HamiltonJet has joined the fight against COVID-19 by using its 3D printer to print parts for face shields for frontline workers.
HamiltonJet answered the call from ShieldsUpNZ, which grew from an idea from Tim Carr and Jason Barnett at 3D printing specialist MindKits. Simple and effective, the face shields are being distributed and used by medical professionals and people on the frontline around New Zealand.
HamiltonJet CEO Ben Reed says he’s very pleased they’re able to assist in keeping New Zealand’s essential workers safe as they fight COVID-19 on the frontline.
"HamiltonJet already has dispensation to support essential services in NZ, Asia, America and Europe. Alongside our support to existing customers across the globe, 3D printing parts for face shields in NZ is a tangible way we can provide that support to people who are doing an amazing job day in and day out."
Two HamiltonJet employees Steve Lockhart - Manager of Manufacturing Engineering and Mickael Dernoncourt – Senior Manufacturing Engineer, are leading the charge.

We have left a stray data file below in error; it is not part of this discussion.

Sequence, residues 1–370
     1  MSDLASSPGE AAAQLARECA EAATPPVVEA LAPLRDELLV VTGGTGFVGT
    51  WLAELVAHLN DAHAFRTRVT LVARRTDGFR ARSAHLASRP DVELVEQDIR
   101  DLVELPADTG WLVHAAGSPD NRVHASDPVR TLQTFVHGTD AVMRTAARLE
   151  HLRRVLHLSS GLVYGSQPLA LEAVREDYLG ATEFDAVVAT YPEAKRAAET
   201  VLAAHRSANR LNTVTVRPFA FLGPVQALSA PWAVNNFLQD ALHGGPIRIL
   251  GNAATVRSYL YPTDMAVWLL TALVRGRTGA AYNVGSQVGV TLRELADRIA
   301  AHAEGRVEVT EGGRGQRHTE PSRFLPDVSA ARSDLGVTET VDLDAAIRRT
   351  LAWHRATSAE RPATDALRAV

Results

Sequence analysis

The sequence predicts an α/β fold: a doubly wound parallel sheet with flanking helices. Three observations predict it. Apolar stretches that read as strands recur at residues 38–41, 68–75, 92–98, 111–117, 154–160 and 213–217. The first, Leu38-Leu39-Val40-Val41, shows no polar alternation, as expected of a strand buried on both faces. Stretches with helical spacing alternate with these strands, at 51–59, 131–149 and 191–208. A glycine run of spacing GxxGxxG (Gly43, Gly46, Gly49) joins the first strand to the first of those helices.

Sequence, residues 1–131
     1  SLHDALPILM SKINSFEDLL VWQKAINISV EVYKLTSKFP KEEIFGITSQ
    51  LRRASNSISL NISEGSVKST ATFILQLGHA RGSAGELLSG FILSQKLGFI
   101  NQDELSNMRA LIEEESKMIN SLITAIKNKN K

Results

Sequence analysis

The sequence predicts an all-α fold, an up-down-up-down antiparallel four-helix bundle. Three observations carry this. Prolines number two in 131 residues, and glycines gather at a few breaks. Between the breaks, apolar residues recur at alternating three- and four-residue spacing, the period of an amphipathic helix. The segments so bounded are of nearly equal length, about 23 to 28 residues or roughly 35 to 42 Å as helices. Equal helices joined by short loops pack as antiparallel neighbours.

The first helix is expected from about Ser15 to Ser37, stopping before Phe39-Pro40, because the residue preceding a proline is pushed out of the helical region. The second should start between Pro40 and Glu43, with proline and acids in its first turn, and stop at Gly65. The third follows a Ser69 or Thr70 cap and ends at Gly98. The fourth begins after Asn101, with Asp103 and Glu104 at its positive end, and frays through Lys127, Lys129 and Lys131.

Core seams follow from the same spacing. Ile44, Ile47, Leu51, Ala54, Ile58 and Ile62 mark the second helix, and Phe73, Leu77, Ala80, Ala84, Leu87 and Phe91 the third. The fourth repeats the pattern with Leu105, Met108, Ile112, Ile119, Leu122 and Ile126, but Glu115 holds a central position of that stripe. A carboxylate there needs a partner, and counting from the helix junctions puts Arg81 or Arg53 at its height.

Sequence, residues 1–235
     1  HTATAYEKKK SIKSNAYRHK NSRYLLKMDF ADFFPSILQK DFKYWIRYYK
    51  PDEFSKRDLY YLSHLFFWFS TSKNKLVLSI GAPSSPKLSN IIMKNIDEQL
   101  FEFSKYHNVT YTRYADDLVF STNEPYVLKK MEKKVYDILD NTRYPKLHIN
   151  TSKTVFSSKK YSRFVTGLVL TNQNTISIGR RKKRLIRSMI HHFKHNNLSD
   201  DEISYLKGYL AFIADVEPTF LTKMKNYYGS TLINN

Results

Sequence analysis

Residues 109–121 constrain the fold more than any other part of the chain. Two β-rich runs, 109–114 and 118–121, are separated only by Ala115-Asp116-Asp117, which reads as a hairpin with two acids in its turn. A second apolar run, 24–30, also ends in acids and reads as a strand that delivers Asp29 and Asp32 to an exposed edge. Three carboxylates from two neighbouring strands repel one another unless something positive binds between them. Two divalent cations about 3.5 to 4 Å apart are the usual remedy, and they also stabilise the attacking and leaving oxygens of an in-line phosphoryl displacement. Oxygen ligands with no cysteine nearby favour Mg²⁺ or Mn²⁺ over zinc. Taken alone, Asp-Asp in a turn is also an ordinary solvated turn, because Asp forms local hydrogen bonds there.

Steve is using the desktop 3D printer he extracted from HamiltonJet’s global head office in Christchurch while Mickael, who works remotely from Thames, is using his own 3D printer.
“To date we’ve made 137 face shields between us. They’re assembled in three parts – a 3D printed flexible headband, which is what we’re making at home, that goes across the forehead, a clear plastic lens to cover the face, and an elastic strap which attaches to the headband to ‘close the loop’ around the head,” says Steve Lockhart.
“3D printing is not a fast process but assembly of the shields, so we’re steadily working alongside everyone else who has also volunteered around NZ to meet demand and get the shields to where they’re needed as quickly as possible.”